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Unformatted text preview: Distances and Motions Determining the AU
Today, the Earth-Sun distance (= 1 AU) is known to high precision from
radar measurements of the distances to the planets. (The relative scale
of the planet distances is known from Copernicus and Kepler.) Radar
observations of Venus began in 1958. Since we know the distance to
each planet in AUs, measurement of the time required by radar signals
to travel from the Earth to a planet and return establishes the size of the
AU in km.
c = 299,792.458 km/s
AU = 149,597,870.7 km (3.0 x 105 km/s)
(1.5 x 108 km) Triangulation and Parallax
To reach the nearest stars, we use
the orbit of the Earth as a baseline
and the technique of triangulation.
The greater the angular change
(i.e., parallax), the nearer the star. http://highered.mcgraw-hill.com/sites/007299181x/student_view0/interactives.html# Parsec
Baseline = 1 AU = 1 arcsec
d = 206,265 AU
= 1 parsec
= 1 pc Distance
d = 1 / p" (pc) = 1 / " (pc)
d = 206,265 / p" (AU)
where p" or "is in arcseconds
or p" = 0.11 arcseconds
d = 9.1 pc
= 9.1 x 206,265 = 1.9 x 106 AU Early Measurements of Distances
Stars are so distant that the parallaxes of even the nearest ones are too small
to be measured with the techniques available to Aristotle. William Herschel
tried to measured parallaxes, but instead got orbits of binary stars.
Parallaxes were eventually detected, but even the nearest star shows a total
annual displacement of only about 1.5 arcsec. The first observation of
parallax of a star is usually credited to the German astronomer Friedrich
Bessel (in 1838). Light Year
Light travels at a speed of about 186,000 miles per second (300,000 km/s).
So in one second, light has traveled 186,000 miles; in two seconds it has
gone 372,000 miles.
Let the clock run for one entire year, and the light will have traveled
5.9 x 1012 miles (9.5 x 1012 km) or 63,240 AU.
The distance that light travels in one year is defined as 1 Light Year.
The nearest star is about four light years away (distance), or you can say
that the light emitted by this star takes four years (time) to travel the
expanse of space between it and us. Units of Distance
Astronomical Unit (AU) Distance from the Earth to the Sun Parsec (pc) Parallax of 1 arcsecond Light Year (LY) Distance light travels in one year
d = 1 / p" (pc)
d = 206,265 / p" (AU)
pc = 3.26 LY The Nearest Stars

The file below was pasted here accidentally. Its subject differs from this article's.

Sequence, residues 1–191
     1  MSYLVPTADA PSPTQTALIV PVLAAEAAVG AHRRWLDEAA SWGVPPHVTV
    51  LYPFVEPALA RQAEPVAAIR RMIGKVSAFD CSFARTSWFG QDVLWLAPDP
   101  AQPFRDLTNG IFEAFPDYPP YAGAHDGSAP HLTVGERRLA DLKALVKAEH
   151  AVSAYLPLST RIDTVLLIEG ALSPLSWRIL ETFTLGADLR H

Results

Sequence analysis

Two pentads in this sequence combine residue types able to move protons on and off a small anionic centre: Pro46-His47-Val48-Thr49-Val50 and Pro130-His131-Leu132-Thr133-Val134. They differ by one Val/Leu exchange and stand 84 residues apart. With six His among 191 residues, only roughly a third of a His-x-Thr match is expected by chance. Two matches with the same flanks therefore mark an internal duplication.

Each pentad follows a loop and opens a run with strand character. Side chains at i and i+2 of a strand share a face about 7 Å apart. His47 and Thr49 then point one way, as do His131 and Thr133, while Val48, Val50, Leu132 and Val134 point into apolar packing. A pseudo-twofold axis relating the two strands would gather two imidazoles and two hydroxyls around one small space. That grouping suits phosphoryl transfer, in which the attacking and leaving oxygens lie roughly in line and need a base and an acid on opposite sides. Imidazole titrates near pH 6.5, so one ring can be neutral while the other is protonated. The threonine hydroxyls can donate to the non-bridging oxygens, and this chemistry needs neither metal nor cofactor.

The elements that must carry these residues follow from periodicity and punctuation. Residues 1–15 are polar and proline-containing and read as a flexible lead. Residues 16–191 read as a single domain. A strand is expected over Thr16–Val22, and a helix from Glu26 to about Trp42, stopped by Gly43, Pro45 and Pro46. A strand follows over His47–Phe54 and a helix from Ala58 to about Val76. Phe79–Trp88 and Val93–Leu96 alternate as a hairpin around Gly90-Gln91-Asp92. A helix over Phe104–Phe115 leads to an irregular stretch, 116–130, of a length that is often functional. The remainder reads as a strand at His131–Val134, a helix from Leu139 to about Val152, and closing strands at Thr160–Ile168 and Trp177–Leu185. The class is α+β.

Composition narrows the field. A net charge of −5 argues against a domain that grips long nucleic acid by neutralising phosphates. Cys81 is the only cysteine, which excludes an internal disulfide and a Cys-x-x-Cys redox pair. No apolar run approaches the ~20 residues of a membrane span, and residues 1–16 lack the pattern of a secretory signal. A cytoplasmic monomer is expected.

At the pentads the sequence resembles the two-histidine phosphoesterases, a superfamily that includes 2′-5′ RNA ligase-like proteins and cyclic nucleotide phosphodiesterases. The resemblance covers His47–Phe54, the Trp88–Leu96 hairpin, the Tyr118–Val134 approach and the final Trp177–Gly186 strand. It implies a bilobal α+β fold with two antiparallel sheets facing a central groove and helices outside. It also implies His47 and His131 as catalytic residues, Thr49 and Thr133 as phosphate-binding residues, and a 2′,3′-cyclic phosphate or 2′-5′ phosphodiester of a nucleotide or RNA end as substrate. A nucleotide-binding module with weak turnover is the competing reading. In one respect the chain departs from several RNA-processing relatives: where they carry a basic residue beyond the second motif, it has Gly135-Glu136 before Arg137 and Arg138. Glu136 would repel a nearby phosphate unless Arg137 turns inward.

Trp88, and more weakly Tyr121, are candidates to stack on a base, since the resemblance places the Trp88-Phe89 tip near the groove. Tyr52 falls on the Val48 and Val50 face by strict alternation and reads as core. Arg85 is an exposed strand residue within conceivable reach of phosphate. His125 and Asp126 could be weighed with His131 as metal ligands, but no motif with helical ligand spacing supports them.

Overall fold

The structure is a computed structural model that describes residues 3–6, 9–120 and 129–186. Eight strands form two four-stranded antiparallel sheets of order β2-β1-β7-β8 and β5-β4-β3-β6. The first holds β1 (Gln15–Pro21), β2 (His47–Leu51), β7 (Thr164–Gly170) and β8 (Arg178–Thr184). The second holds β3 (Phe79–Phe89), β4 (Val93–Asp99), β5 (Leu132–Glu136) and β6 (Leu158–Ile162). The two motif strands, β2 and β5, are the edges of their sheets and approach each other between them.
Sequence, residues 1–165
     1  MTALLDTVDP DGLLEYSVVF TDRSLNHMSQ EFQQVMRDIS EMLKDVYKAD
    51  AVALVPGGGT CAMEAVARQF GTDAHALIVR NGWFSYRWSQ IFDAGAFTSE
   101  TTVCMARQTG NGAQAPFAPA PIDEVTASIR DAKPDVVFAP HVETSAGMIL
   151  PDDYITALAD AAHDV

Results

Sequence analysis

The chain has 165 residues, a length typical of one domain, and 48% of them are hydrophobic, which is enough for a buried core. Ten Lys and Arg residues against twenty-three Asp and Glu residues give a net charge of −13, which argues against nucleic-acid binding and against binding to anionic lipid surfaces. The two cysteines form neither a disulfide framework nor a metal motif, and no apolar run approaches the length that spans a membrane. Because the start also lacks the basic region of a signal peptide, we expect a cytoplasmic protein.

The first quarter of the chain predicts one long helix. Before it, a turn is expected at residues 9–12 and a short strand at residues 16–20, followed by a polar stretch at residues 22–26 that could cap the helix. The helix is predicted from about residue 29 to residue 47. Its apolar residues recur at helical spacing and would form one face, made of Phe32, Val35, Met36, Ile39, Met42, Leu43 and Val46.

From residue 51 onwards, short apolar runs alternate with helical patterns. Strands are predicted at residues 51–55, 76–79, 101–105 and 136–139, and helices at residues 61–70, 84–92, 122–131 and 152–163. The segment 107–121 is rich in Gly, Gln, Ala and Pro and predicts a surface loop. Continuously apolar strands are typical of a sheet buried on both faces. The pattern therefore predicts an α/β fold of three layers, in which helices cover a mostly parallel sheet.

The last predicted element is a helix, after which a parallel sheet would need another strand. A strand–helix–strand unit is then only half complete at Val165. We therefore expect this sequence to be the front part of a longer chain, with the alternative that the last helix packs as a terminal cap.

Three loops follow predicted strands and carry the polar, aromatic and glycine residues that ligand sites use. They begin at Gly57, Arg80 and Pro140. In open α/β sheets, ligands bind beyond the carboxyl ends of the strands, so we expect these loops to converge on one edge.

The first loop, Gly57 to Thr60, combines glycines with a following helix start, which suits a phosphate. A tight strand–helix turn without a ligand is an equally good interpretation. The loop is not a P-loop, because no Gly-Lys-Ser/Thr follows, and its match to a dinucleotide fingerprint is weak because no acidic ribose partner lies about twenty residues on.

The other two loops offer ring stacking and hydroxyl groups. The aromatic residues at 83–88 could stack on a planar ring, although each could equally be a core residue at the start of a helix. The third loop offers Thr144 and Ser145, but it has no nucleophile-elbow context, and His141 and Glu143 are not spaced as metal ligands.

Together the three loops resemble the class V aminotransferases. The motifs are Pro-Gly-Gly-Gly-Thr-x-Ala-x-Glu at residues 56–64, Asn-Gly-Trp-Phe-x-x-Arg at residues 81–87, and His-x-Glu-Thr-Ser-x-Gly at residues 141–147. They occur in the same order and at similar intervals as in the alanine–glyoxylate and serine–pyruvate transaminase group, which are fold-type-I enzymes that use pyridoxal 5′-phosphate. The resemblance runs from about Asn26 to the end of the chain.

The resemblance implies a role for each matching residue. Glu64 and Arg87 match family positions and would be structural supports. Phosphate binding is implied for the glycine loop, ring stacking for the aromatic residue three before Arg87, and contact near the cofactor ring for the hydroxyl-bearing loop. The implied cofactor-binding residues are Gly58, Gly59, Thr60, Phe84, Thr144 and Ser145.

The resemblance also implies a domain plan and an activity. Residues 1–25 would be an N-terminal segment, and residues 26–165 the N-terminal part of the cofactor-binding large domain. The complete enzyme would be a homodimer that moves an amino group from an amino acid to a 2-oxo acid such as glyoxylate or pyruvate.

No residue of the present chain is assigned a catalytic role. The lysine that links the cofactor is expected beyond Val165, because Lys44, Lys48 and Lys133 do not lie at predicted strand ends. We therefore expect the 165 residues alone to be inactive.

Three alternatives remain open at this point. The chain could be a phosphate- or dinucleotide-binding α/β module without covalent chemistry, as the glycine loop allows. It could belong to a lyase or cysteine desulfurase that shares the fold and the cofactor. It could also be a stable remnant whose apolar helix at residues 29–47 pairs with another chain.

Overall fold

Sirius d = 1.3 pc
p" = 0.76 arcsec
d = 2.6 pc Good parallaxes can only be measured
for stars within 100 pc of the Sun.
There are about 5000 stars in this
region of space, but most are invisible
to the naked eye. PRS Question
1. If a star has a parallax of 0.04 arcsec, its distance is
a. 4 pc
d. 25 pc
b. 4 ly
e. 25 ly
c. 4 AU Radial Velocity
The radial velocity is the speed that a star has as it approaches or recedes
from the Sun. It is counted as positive if it is moving away from the Sun. = v / c = (obs – ) / v = c Since the motion of either the star or the observer (or both) produces a
Doppler shift in the spectral lines, a knowledge of the radial velocity alone
does not enable one to decide which one “is doing the moving”. What is
really measured is the speed with which the distance between the star and
Sun is increasing or decreasing. Proper Motion
The proper motion is the rate at which a star’s apparent position on the
sky changes. With respect to “background” stars, the motions of a few
nearby stars can be observed. is in arcseconds / year Barnard’s Star changes its position by 10.25 arcsec per year. Tangential Velocity Radial velocity is the motion of a star along the line of sight, while proper
motion is the angular motion produced by the star’s motion across the sky.
Whereas the radial velocity is known in km/s and is independent of distance,
the proper motion of a star does not give the star’s actual speed. The latter is
called the tangential velocity. To calculate it, one must know the proper
motion and distance (or parallax).
T = 4.74 d = 4.74 / p" (km/s) where is in arcsec/year, d is in parsecs, and p" is in arcsec. PRS Question
2. If a star has a proper motion of 10 arcsec per year and is at a distance
of 2 pc, what is its tangential velocity?
a. ~100 km/s
d. ~20 km/s
b. ~25 km/s
e. ~5 km/s
c. ~1 km/s Space Velocity The total space velocity is
V2 = VR2 + VT2 ...
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This note was uploaded on 03/04/2012 for the course PHYS 2022 taught by Professor Jarrio during the Spring '12 term at Central GA Tech.
- Spring '12